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Can Polymers Be Adapted to Be More Eco-Friendly?

As industries and the world in general slowly begin to recover after the 2020 coronavirus pandemic, a new appreciation for nature and the environment has emerged, with studies showing significantly more American citizens are donating to environmentally-friendly charities and projects throughout the country.

Polymers are a fundamental element to the modern world and are found in everything from plastic water bottles to the keratin in nails and hair. In an ideal world, polymers would be adapted to become more eco-friendly.

But is this feasible?

Eco-Friendly Polymers in Everyday Life

Polymers are extensively found in nature as well as the human body, with proteins being the basic type of natural polymers, including collagen, latex, cellulose, and starch. Other proteins are also examples of natural polymers, such as proteins, wool, silk, and natural rubber and tree lacquer. DNA is also a polymer, made from four different monomers called nucleotides, bound together by polymerization, a complex molecule that contains generic information.

Synthetic polymers are human-made polymers and can be broadly classified into four different categories – rayon, nylon, polyester, and acrylic- and are undeniably an important part of the modern world. Synthetic polymers essentially make everyday life considerably easier and more convenient in a plethora of different ways; however, if proper care is not taken, excessive usage can result in substantial environmental degradation.

Is Eco-Friendly the Same Thing as Sustainable?

Eco-friendly fundamentally refers to anything that does not harm the planet, whereas sustainable represents the wide range of products, issues, and activities that, according to the United Nations, do not compromise the ability of future generations.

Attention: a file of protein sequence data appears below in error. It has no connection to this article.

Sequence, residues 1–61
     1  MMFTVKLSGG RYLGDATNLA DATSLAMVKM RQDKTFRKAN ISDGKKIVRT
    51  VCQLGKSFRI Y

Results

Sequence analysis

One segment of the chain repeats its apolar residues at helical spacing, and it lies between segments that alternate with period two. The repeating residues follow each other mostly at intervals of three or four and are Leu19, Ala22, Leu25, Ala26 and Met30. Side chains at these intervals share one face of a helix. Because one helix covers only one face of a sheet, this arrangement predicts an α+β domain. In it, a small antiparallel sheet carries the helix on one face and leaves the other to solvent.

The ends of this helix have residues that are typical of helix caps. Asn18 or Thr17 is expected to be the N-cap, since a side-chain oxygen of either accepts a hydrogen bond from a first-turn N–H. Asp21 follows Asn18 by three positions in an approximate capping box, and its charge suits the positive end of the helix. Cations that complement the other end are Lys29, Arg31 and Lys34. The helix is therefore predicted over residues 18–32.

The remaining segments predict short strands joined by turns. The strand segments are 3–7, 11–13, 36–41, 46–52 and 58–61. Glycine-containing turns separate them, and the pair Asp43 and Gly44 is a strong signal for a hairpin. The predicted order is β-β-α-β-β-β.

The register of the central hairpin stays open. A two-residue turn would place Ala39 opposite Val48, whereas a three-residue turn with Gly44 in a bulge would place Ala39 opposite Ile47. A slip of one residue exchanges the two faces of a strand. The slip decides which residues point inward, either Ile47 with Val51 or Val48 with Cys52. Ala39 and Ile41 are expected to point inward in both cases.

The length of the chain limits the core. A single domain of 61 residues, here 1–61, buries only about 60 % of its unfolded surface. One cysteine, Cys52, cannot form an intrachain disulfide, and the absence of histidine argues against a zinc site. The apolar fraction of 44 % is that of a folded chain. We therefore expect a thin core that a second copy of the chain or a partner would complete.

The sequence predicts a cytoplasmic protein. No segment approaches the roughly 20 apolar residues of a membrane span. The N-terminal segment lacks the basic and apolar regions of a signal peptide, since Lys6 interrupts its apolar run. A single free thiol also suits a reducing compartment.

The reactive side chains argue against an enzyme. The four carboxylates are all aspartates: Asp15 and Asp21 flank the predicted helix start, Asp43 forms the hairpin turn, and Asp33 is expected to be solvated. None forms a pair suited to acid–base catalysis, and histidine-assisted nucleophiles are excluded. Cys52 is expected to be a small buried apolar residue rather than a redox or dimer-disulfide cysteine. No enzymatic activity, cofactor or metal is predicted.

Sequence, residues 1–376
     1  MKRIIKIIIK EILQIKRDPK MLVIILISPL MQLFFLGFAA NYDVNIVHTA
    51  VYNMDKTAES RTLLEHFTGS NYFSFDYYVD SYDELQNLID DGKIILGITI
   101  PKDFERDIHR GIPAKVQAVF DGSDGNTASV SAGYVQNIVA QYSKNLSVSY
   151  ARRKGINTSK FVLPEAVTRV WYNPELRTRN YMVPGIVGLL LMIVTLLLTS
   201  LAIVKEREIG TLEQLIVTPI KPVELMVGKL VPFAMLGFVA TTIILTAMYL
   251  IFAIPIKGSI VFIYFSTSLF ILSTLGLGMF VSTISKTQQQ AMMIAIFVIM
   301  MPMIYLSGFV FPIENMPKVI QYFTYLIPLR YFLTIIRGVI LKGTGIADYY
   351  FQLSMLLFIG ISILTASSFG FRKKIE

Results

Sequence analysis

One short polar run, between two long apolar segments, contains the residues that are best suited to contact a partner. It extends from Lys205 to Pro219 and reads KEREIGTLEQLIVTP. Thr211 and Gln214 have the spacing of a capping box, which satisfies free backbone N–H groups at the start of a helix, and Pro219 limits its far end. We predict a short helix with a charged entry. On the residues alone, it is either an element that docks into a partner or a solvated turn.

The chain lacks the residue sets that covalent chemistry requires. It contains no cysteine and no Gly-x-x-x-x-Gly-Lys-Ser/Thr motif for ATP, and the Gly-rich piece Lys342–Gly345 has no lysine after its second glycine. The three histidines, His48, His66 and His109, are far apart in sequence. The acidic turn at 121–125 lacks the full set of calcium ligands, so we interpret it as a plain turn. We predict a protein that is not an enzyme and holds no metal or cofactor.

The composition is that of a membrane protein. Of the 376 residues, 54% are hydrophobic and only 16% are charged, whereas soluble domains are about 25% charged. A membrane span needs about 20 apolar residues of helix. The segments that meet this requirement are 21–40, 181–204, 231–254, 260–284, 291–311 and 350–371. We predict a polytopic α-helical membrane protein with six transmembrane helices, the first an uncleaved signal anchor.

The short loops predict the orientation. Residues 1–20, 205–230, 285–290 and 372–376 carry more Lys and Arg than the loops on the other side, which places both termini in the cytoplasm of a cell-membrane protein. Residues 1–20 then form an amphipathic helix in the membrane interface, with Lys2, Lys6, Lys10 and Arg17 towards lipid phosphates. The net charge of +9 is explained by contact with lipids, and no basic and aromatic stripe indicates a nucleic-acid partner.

Future Aspirations for Eco-Friendly Polymers

Professional, experienced, and established experts in the field of monomer and polymer development and manufacturing, such as polychemistry.com,are constantly striving to produce brand new and innovative polymers that are more environmentally friendly.

There are undeniably, however, copious benefits of polymer plastics in society. Companies such as these are dedicating significant time, resources, and manpower to produce polymer materials that still provide these advantages without destroying the natural world.

One of the biggest advantages of polymer plastics is the versatility of the material, as well as the relatively low production costs and the relative ease of manufacture. They are used to build the very infrastructure of commercial buildings and private homes as well as road structures and bridges, as such materials are durable, highly sustainable, and incredibly long-lasting. Plastic polymers are also used in the automotive industry and assist with fuel efficiency, product performance, and increasing the level of user safety, as well as being suitably lightweight enough for use in electronics.

Recyclable Polymers

The typical branch method of recycling, such as incineration, requires the burning of polymers which releases harmful compounds such as carbon dioxide and soot that negatively affect the environment and, as a result,contribute to global warming. When polymers can no longer be recycled, they are placed in landfills which negatively affects the surrounding environment in an extremely harmful way.

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